Lyttelton. Town in New Zealand, Oceania


Town in New Zealand, Oceania

New Zealand - Christchurch - Lyttelton Photo © Steven Mileham

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	Spot to Be - Lyttelton
Colourful Spot to Be - Lyttelton. Photo by Jocelyn Kinghorn
Situated on the east coast of the South Island of New Zealand, Lyttelton is a quaint port town with an addictive alternative and artistic vibe.


The town of Lyttelton sits on the Lyttelton Harbour, an inlet of Banks Peninsula. The town sits on the slopes of the Port Hills, which separate the town from the city of Christchurch, 12 kilometers to the north-west.


Indigenous Maori lived in the area for around 700 years before European explorers discovered Lyttelton Harbour in 1770. It wasn’t until the 1840s that the area was settled by English settlers. Lyttelton quickly became the “Gateway to Canterbury” for settlers. The pedestrian track over the hill was the only way to access the growing city of Christchurch. Lyttelton was named after George William Lyttelton of the Canterbury Association, which had played a major role in the settlement of the area.

In 2009 the New Zealand Historic Places Trust recognized Lyttelton as “an area of special or outstanding historical or cultural heritage significance or value”.

The Lyttelton Timeball Station was constructed in 1876, and began signaling Greenwich Mean Time to ships in the harbor. It was one of only five working timeball station in the world, until it was destroyed by the 2011 Canterbury earthquake.

The devastating 2010 and 2010 Canterbury earthquakes damaged many of Lyttelton’s historic buildings, including residential and commercial property. In the wake of the tremor many buildings had to be demolished or majorly reconstructed.

The Lyttelton Port has long been the backbone of the town. Today Lyttelton regularly receives cruise liners and cargo ships, carrying the majority of imports to and a large proportion of exports from the South Island. Major industries include coal transported from the West Coast by train.

Lyttelton’s population today sits around 3,000.

Lyttelton -
Lyttelton. Photo by Francis Vallance (Heritage Warrior)


Lyttelton Farmers Market

Every Saturday morning from 10am to 1pm on London Street you can find locals and visitors alike frequenting one of the region’s best food markets. Wares on sale include free-range eggs, organic vegetables and fruit, bread cheese, fresh fish and chocolate. Grab a coffee, enjoy the live music, and indulge your inner foodie!

Quail Island

This small island sits in the middle of Lyttelton Harbour. Named after the now extinct native quail (koreke), the island has a colorful history. It served as a quarantine station and a leprosy colony, as well as a training ground for the sled dogs and ponies of Antarctic explorers Scott and Shackleton. The island was later used for farming, before being converted to a recreational reserve, where today you can find regenerating native vegetation and native wildlife.

Black Cat cruises offer connections to the island from Lyttelton wharf. Sailings depart from Lyttelton at 10:20am daily from October – April, and there is an additional departure at 12:20pm during December – February. Adult tickets are $30, while children (5 – 15) are $15.


A bar like no other, Wunderbar is an ode to the eccentric and wonderful. Decorated in a delightfully kitsch style, along with slightly scary decapitated dolls’ heads, Wunderbar is a compulsory stop for visitors to Lyttelton. The bar features live music many nights of the week. Open daily from 5pm, and from 1pm on weekends. Wunderbar is located on London Street, but enter through the car park behind the bar.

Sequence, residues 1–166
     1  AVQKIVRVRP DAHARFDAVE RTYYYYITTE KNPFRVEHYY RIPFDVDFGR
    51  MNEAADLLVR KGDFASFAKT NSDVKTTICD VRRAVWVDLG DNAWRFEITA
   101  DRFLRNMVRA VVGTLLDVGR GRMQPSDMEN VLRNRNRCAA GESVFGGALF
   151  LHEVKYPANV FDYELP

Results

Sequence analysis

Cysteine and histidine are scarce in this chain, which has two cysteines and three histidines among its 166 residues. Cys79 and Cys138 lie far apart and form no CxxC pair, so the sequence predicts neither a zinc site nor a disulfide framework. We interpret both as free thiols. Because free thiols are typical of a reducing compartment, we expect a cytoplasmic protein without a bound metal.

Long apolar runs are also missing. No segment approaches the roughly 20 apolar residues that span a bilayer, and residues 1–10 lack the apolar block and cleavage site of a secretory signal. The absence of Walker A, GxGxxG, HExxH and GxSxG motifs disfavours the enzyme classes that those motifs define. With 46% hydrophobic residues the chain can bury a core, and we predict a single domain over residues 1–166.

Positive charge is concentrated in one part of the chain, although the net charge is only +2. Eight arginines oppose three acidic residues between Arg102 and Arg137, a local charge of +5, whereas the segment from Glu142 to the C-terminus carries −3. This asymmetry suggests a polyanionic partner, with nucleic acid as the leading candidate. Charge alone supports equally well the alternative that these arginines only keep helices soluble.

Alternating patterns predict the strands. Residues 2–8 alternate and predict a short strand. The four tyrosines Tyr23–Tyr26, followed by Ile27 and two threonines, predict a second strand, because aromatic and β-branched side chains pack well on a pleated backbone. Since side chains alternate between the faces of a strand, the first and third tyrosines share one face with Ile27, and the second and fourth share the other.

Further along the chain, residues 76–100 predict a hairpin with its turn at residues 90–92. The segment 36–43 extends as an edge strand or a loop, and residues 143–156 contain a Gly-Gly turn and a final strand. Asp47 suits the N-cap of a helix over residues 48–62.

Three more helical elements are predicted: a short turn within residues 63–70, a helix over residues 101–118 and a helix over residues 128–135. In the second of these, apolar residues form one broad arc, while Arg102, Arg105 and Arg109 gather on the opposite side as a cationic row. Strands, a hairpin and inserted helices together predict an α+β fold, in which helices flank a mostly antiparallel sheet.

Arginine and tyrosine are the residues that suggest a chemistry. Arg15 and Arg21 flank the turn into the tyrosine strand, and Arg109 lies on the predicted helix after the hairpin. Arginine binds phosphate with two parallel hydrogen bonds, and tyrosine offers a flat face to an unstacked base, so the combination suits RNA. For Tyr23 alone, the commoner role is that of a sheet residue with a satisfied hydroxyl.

Where to eat

Definitely not for the budget conscious, Roots is nonetheless home to the best food in town. Offering degustation menus specializing in locally sourced, seasonal food, the courses are matched by spectacular wines. Roots is open for lunch Friday and Saturday, and for dinner from Tuesday through Saturday. A multi-course degustation begins at $90.

Lyttelton Coffee Company on London Street is a local institution, serving up delicious homemade food and, of course, fantastic coffee. The café also features local artwork, as well as spectacular views across the harbour from its deck. Open daily 7am – 4pm (from 8am Saturday and Sunday).

Also on London Street, Freemans never fails to serve up excellent pasta and pizza, accompanied by local craft beers. It is the perfect spot for a cold brew and relaxing after work. On Sunday afternoons they have a jazz band from 3pm. Open from 3pm Wednesday and Thursday, from 11:30am on Fridays, and from 10am on Saturdays and Sundays.


Unfortunately the Canterbury earthquakes have limited accommodation options in Lyttelton. More is becoming available, however, as rebuilding efforts continue.

Check out for an up-to-date listing of current options. Other accommodation can be found in nearby Sumner or Christchurch.

Getting there

Lyttelton is a short 15 minute drive from the center of Christchurch. The 1.9 kilometer Lyttelton road tunnel connects the city, and is also New Zealand’s longest road tunnel. Christchurch International Airport is the nearest air connection. From the city, buses 28 and 535 also run to Lyttelton.

Further information

The Lyttelton Harbour Information Centre is located at 20 Oxford Street, and can provide up to date information on the harbor basin communities and surrounding environment.

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Author: Amanda. Last updated: Apr 09, 2017

Pictures of Lyttelton

Lyttelton - Lyttelton
Lyttelton - Photo by Z

Lyttelton - Lyttelton
Lyttelton - Photo by Nathanael Coyne

Lyttelton, Christchurch, New Zealand - Lyttelton
Lyttelton, Christchurch, New Zealand - Photo by Nathan

Bluff - Lyttelton
Bluff - Lyttelton. Photo by Nathanael Coyne


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